While addressing the protesters, the team leader of the company who simply identified herself as Mrs. Olaoye, said it was what the distribution company gets that it distributes to the area.

She complained of low power generation across the country, noting that the Noble Oluwa feeder that supplies power to the area recently had some challenge with four poles damaged by rainstorm.

Olaoye explained; “I know people of Oke-Ira community are peace-loving and we are not taking you for granted. While I cannot guarantee when light will be restored I want to let you know that I have taken pictures of your protests and details of your complaints and already sent them to our head office for quick resolution. I want to assure you that solution will come our way soon, but please let us maintain the culture of peace we have here.”



  • Capt Marcus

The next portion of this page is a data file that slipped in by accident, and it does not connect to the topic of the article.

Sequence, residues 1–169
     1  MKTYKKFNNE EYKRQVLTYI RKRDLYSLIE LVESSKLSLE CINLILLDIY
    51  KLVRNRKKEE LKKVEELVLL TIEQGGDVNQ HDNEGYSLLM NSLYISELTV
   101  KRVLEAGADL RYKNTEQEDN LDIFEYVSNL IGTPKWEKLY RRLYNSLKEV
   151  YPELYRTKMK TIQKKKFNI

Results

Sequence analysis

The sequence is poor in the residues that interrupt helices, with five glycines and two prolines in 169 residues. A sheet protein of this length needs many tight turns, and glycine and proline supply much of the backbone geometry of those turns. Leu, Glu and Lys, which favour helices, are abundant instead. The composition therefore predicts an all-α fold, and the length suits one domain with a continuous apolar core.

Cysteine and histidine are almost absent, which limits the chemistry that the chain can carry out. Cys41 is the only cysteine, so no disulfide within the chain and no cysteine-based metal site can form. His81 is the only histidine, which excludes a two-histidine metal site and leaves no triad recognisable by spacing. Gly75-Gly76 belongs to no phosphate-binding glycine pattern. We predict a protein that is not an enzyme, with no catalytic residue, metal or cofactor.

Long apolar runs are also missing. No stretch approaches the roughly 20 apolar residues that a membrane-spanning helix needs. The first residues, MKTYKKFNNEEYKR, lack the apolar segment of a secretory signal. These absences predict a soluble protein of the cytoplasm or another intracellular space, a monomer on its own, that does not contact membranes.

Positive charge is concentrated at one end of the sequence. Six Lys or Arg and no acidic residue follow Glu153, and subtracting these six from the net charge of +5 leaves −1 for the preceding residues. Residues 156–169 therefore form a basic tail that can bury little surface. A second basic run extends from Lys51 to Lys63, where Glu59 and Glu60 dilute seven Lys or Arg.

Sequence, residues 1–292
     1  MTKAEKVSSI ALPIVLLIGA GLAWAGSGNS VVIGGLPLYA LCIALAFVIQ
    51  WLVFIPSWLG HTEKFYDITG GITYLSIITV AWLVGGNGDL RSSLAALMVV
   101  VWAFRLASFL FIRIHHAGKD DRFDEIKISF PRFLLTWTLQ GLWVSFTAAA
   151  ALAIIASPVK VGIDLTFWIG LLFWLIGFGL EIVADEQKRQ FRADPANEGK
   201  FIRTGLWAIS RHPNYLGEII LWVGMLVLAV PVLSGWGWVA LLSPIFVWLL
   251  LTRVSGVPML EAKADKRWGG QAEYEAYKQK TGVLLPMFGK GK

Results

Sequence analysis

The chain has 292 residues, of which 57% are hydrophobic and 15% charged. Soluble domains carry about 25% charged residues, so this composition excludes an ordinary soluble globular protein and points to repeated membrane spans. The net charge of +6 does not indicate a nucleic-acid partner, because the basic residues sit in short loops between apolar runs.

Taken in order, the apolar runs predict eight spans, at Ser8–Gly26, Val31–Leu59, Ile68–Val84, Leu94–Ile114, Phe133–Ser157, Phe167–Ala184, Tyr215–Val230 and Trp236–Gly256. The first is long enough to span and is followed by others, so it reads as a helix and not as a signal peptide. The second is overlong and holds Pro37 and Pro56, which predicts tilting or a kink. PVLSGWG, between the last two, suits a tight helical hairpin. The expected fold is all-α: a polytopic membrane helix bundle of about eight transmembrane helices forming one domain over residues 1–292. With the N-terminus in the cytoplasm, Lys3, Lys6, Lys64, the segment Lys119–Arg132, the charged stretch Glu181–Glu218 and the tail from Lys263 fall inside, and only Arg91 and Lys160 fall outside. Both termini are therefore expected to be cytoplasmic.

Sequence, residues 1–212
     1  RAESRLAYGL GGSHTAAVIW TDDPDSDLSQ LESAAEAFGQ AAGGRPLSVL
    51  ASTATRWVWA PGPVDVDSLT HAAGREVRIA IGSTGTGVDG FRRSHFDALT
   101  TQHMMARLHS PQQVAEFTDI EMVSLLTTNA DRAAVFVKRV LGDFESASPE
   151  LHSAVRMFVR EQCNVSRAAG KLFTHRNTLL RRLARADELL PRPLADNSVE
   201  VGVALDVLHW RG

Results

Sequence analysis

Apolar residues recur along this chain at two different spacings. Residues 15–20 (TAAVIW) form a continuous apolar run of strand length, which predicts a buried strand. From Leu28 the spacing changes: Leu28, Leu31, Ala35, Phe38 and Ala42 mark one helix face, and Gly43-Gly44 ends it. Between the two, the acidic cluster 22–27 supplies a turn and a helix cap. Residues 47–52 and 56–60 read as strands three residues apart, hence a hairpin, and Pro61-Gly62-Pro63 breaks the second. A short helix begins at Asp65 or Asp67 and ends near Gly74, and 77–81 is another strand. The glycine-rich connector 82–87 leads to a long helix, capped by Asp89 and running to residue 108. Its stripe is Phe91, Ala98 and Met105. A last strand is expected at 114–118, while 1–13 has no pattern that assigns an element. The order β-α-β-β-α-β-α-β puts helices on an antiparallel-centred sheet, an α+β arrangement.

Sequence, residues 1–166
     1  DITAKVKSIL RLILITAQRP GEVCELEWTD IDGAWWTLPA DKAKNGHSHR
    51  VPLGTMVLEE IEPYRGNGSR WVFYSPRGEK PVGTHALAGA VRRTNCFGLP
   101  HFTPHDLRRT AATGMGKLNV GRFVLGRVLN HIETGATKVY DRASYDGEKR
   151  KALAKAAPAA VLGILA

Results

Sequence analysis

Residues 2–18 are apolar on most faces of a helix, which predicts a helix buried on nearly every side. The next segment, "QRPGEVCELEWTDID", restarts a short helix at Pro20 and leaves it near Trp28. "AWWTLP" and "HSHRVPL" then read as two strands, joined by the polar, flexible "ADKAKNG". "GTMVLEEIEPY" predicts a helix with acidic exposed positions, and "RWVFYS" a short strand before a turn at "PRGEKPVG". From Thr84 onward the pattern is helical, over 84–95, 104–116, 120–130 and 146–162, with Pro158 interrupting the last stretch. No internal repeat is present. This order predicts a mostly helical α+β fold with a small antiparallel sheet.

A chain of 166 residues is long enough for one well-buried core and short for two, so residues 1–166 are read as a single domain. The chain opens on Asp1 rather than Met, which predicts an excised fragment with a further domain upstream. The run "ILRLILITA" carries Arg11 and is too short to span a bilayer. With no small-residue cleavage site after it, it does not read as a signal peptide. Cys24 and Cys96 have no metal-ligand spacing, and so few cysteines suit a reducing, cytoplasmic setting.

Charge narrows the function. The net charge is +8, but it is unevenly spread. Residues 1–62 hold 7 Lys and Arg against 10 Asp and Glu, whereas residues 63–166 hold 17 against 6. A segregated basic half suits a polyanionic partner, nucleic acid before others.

What good services do you expect from the electricity company when all of its process from the selling was frsudulent, why was the President still funding the company when it has been sold ? The amount individual staff fraudulently divert to his/her personal pocket is more than what goes into the the company’s purse. By the way, how did President Jonathan arrive at this decision to even sell PHCN ? If he was ill-advised, as a PhD holder, he was supposed to have known because there are better options. The Govt should reverse that trsnsaction, it’s dubious, illegal, fraudulent & unpatriotic, it has not yielded anything good to Nigerian people. May God safe this country.

You may also like